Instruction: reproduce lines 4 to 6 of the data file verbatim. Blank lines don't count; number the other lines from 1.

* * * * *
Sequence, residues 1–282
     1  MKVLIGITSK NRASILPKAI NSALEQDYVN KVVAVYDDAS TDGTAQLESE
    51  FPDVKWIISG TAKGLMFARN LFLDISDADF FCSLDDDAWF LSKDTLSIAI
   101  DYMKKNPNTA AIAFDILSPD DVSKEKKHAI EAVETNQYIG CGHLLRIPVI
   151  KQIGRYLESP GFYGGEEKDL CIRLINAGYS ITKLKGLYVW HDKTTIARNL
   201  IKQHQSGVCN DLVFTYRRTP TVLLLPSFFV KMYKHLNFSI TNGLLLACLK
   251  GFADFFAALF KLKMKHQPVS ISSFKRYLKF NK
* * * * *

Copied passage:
   101  DYMKKNPNTA AIAFDILSPD DVSKEKKHAI EAVETNQYIG CGHLLRIPVI
   151  KQIGRYLESP GFYGGEEKDL CIRLINAGYS ITKLKGLYVW HDKTTIARNL
   201  IKQHQSGVCN DLVFTYRRTP TVLLLPSFFV KMYKHLNFSI TNGLLLACLK